If you’d like to start taking professional-quality close-ups of the world around you without having to upgrade your existing camera and lens system or purchase a macro lens, you’re going to find this post quite agreeable.
Without pooh-poohing the imaging abilities of the flagship cameras from any of the major camera manufacturers, there’s little doubt the picture-taking abilities of entry-level DSLR and kit zoom packages costing 1/10 the price of the big boys can be quite impressive.
For the sake of the story line, we used a Canon EOS T6i, an 18th-generation descendant of the original Canon Digital Rebel, which comes with a Canon EF-S 18-55mm f/3.5-5.6 IS STM kit lens (29-88mm equivalent). Featuring a 24.2MP APS-C CMOS sensor and a DIGIC 6 image processor, the Canon T6i captures extremely detailed stills and Full HD 1080p video @ 30fps. The T6i also has a 3" 1,040k-dot Vari-angle Touchscreen, which comes in very handy when shooting close-ups at odd camera angles.
Nobody ever made claims about kit zooms being the most sophisticated optics available, but many of them, including the lens used to illustrate this post, are capable of producing good, and often very good photographs when used thoughtfully.
While the 9.9"minimum focus distance of the Canon EF-S 18-55mm f/3.5-5.6 IS STM kit lens enables an impressive maximum reproduction ratio of about 1:3, we’re going to need a few additional accessories if we want to focus-in even closer.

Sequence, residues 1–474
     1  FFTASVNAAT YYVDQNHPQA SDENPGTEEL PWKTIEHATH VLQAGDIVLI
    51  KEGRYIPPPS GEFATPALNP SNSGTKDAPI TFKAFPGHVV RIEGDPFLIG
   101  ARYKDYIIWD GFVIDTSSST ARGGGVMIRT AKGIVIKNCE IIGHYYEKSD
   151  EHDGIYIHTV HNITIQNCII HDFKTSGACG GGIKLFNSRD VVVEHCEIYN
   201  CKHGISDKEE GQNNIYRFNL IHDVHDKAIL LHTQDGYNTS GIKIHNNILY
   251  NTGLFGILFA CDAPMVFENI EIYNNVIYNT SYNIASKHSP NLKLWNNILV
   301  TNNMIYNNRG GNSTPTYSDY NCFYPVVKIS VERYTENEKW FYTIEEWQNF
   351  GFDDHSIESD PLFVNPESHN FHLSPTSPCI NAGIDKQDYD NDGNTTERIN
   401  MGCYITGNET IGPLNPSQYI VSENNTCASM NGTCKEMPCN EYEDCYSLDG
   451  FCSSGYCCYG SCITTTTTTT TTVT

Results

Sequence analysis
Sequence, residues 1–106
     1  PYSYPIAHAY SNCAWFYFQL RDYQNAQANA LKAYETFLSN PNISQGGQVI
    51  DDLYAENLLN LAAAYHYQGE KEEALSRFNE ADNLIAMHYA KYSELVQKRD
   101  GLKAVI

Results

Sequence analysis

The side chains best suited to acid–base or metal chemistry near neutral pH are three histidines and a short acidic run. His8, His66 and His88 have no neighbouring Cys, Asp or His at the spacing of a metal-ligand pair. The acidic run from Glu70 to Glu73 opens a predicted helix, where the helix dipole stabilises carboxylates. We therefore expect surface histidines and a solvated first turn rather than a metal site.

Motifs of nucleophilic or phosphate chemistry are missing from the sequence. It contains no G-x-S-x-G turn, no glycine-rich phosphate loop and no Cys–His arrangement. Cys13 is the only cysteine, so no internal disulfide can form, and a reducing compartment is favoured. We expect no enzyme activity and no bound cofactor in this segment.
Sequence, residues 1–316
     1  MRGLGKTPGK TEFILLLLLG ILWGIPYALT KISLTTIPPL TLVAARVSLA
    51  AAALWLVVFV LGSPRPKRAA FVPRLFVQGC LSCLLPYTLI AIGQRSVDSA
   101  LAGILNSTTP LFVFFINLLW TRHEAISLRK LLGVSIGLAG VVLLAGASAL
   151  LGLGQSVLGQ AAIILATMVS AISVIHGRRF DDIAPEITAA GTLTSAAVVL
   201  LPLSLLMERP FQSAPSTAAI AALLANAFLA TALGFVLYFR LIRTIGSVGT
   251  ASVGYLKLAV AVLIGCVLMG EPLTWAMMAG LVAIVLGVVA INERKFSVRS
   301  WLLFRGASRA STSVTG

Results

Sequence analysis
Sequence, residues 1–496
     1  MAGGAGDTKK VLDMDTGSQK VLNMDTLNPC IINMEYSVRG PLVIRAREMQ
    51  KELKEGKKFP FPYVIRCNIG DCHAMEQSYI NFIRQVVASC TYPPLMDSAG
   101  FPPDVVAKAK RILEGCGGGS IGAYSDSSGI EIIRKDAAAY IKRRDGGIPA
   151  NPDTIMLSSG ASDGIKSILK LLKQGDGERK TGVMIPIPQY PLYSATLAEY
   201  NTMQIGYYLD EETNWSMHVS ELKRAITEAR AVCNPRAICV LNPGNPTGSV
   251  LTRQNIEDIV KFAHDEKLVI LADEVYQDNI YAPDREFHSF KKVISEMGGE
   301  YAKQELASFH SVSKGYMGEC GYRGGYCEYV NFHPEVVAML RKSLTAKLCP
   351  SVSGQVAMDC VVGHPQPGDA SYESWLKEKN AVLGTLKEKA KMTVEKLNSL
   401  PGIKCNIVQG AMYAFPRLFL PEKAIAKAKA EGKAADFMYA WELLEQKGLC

Canon Close-up lenses are available from Canon in 52mm, 58mm and 72mm filter sizes. Close-up lenses screw onto the front of your lens like a UV, or similar, filter. Depending on the strength of the filter, close-up lenses enable you to focus in tighter than your lens’s native close-focusing distance, and they do so without need of exposure compensation.
Each of the following series of close-up photos was captured consecutively at f/3.5, f/11, and f/32 to illustrate how each image appears throughout the aperture range. It’s also worth noting that the focal length of the closest-focusing distance varies depending on the lens-to-subject distance and which combinations of close-up filters and/or extension tubes you are using.
A downside of close-up lenses is that, depending on the host lens, the focus distance, the lens aperture, and your subject matter, you might notice a degree of softer focus toward the corners of the frame when using close-up filters.
Extension tubes are affordable, easy to use, and because they do not contain lens elements, they do not impact image quality. Canon EF II extension tubes are available in 12mm and 25mm lengths, and they allow for full AF and AE functionality. Both extension tubes, which can be combined for greater magnification ratios, are compatible with most Canon EF, TS-E, and EF-S lenses*.
If there’s a down side to extension tubes, it would have to be a bit of light loss, which inevitably occurs when you add distance between the lens and the imaging sensor (or film plane). The good news is that the camera’s TTL metering system compensates for any exposure loss so you can concentrate on taking terrific pictures.